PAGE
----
File photo Three members of the City of White Rock’s ‘Dogs on the Promenade Task Force’ have resigned, saying their concerns aren’t being heard.

Three quit White Rock’s ‘Dogs on the Promenade’ task force

Former members call group ‘nothing more than a misguided, political partisan process’

Three members of the City of White Rock’s ‘Dogs on the Promenade Task Force’ have independently resigned, leaving the committee dominated by members who are in support of the Oct. 1 bylaw change.

Ron Kistritz, Beverly O’Malley and Thomas White – who were the only task force members opposed to allowing dogs on the popular waterfront walkway– each pulled out of the committee last month.

However, the chairman of the committee Coun. Scott Kristjanson said the parting members’ concerns will still be considered going forward.

“With the three opposed people gone, I mentioned to everybody that it’s our responsibility, and our duty, to continue to address their concerns. There’s a huge misconception that this thing is biased. I just want to point out that we are still proceeding as if they are still there, addressing their concerns,” Kristjanson said.

The former task force members contacted Peace Arch News this week to explain their reasons for leaving, because they’re “really concerned that our story is going to be spread on Facebook through rumour rather than get the real story out.”

They signed off on a press release that highlights their concerns. The members also provided PAN with their resignation letters.

“The city led initiative to allow dogs on the promenade is nothing more than a misguided, political partisan process, pandering to an entitled group of dog owners who are determined to get their way, with little regard to the public health and safety, and the environment,” the news release states.

RELATED: Dogs allowed on White Rock Promenade during off-season

Earlier this year, the city approved a “trial” project to allow dogs on the promenade from Oct. 1 2019 to March 31, 2020. Dogs will still be prohibited from the beach.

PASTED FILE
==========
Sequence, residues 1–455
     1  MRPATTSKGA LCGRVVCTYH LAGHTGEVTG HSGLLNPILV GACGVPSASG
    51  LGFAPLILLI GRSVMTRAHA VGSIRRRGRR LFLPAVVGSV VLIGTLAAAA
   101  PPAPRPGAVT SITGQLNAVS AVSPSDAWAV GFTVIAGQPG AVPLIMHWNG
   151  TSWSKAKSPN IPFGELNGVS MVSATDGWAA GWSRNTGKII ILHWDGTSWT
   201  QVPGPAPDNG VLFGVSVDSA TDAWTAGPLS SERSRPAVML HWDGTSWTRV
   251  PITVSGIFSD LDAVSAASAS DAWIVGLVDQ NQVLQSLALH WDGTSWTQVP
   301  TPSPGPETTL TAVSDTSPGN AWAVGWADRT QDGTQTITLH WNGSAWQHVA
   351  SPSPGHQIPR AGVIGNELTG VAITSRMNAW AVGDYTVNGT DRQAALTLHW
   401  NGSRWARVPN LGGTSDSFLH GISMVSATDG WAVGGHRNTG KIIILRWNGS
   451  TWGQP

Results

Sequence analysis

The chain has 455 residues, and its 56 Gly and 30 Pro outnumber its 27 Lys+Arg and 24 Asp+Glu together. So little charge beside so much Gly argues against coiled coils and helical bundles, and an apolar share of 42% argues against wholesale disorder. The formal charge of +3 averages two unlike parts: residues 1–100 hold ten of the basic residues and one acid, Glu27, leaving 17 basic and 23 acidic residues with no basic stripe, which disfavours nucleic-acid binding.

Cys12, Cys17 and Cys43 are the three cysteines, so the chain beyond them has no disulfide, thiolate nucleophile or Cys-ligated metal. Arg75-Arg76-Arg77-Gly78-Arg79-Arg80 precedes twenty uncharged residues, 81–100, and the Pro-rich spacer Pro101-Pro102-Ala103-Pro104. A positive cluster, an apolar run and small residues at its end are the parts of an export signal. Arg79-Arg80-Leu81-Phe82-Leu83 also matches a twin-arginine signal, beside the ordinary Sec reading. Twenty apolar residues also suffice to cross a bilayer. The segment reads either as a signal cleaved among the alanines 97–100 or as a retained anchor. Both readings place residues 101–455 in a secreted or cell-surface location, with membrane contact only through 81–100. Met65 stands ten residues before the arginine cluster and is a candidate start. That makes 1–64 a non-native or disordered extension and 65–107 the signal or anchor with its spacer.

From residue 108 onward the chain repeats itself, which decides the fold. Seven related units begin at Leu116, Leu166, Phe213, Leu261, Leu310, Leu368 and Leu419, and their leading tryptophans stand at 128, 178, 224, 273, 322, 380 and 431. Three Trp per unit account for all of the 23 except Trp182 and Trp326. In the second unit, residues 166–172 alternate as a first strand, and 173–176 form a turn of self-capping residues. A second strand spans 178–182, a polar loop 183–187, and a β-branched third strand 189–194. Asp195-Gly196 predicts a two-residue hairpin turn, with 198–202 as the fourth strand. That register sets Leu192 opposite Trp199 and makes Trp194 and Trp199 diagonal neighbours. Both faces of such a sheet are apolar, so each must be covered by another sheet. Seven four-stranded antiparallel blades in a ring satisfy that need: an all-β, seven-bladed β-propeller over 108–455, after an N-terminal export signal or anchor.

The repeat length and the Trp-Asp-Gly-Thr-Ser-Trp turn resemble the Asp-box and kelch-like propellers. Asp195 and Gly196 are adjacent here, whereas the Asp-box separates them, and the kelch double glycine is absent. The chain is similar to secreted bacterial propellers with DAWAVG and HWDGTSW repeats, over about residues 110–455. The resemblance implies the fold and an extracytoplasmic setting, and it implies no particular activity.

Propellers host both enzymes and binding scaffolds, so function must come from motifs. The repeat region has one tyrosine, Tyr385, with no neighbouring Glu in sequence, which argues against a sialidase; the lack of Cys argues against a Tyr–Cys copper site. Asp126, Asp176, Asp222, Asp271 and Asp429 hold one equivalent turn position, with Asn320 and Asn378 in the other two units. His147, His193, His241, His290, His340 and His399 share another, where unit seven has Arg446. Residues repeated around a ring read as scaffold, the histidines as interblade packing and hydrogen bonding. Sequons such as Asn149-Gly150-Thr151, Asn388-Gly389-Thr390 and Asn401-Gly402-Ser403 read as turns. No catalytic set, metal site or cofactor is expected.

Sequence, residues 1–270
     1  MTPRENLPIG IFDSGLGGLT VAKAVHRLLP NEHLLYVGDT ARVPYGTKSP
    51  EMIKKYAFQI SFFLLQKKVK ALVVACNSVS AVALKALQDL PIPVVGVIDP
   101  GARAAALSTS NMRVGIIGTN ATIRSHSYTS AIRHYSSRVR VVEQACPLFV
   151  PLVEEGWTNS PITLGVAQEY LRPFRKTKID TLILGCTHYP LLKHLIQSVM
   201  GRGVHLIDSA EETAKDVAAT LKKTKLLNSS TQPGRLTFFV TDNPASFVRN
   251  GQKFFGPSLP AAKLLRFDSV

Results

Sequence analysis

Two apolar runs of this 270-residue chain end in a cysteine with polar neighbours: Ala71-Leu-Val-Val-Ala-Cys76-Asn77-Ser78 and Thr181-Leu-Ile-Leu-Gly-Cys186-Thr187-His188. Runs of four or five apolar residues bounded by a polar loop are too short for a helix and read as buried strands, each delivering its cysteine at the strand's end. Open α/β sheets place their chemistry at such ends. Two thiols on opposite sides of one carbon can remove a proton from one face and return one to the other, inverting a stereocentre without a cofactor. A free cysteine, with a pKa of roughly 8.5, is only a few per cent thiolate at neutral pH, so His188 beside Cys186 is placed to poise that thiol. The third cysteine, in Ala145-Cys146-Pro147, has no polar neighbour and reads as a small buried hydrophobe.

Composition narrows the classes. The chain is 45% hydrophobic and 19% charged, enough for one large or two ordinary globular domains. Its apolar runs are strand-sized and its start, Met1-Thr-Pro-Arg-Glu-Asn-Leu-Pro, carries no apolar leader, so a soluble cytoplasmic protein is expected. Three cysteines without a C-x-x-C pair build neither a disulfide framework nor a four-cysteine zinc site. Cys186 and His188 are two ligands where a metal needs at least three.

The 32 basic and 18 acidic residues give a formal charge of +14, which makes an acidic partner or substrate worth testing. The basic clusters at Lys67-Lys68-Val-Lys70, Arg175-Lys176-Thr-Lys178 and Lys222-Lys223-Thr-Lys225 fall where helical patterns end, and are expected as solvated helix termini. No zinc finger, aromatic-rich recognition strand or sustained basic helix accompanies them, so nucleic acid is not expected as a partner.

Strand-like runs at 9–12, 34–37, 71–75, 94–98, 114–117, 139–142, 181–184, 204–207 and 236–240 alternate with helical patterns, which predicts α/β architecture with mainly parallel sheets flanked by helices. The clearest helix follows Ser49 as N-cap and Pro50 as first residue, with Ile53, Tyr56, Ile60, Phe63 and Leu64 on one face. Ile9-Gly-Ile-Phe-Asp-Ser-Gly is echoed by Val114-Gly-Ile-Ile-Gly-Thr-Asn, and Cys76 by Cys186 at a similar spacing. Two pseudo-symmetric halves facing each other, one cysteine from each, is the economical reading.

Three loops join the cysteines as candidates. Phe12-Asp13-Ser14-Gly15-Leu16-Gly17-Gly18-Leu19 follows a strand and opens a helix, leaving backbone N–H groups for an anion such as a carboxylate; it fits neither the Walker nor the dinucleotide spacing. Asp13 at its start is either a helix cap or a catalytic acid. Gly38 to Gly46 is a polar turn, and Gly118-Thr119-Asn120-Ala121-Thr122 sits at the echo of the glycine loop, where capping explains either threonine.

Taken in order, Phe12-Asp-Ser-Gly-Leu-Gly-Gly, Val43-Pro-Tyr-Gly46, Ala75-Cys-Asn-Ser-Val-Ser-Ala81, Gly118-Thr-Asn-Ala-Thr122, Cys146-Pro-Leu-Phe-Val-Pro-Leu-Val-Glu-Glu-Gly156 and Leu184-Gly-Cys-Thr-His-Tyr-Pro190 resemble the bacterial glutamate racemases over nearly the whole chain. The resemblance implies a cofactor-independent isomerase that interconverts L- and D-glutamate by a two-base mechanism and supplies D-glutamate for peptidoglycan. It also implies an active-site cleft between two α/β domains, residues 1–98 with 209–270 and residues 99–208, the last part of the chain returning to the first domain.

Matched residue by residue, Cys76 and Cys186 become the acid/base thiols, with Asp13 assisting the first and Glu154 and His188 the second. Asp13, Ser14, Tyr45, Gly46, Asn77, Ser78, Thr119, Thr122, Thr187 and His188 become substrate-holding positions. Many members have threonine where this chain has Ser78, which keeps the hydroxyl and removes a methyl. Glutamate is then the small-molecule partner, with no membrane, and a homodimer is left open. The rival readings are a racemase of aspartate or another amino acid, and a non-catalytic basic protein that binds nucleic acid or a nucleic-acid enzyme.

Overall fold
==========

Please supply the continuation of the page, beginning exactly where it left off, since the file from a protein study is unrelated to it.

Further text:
One of the major issues for O’Malley, which was echoed by other former task force members, was that they thought they were signing up to the task force to help design measurements for a trial – not to run a pilot project.

“If you look at all the literature and all of the motions, it was supposed to be a trial run to see if dogs on the promenade would work,” O’Malley said, who has experience with vaccine trials.

“We went in thinking that’s what it would be. We would do a trial, we would put the dogs on the promenade, we would design measures… and then we would recommend those measures to council. We would look at them and there would be a decision about the success or failure of having dogs on the promenade.

“As it turns out, that was not the plan.”

RELATED: Meeting over dogs on promenade divided

Kristjanson said it’s unfortunate that the three left, and “I think they felt frustrated that they weren’t being heard.”

“We used the term trial from the start but really, it was a pilot. (O’Malley) was frustrated that we weren’t going to be doing a trial, we were going to be doing a pilot project,” he said.

Kristjanson, and O’Malley agreed that there was a miscommunication.

In his resignation letter, Kistritz says he takes “great umbrage to such flippant comments” made by Kristjanson during the task force meetings.

Kistritz wrote that when he tried to share his risk-benefit assessment experience, his attempts to do so were disrespectfully interrupted, and his comments were repeatedly misconstrued as being off-topic, untimely and irrelevant.

“On several occasions, the chair would sarcastically refer to my study approach as the ‘million dollar clinical trial that no-one can afford,’” he wrote.

Kristjanson told PAN that during one of the task force meetings, “I think I shut down Ron too much.”

“I could have been more diplomatic. I was like ‘Ron, you’re not on task, lets stay on task’. I had to cut him off a couple of times and I think he took exception to that,” Kristjanson said.

Kristjanson said any allegation of him being biased towards allowing dogs on the promenade “couldn’t be further from the truth.”

Although he owns a dog, he said he has no desire to bring his pet to the waterfront.

RELATED: White Rock seeks input on dogs-on-promenade issue

One of the key issues for White, which he says made him come to realization that the task force was “greatly distorted and misdirected,” was when the group didn’t allow Semiahmoo First Nation a voting position on the task force.

SFN’s official policy on the matter, confirmed to PAN this week, is that no dogs should be allowed anywhere on the foreshore.

Kristjanson, who as chairman doesn’t get a vote on task force motions, said that he volunteered for the position. His goal, he said, was for each side of the discussion to be heard.

“I feel like I failed the no-dogs side because they didn’t feel heard.

“That’s unfortunate, because I was embracing everything they had to say,” he said.

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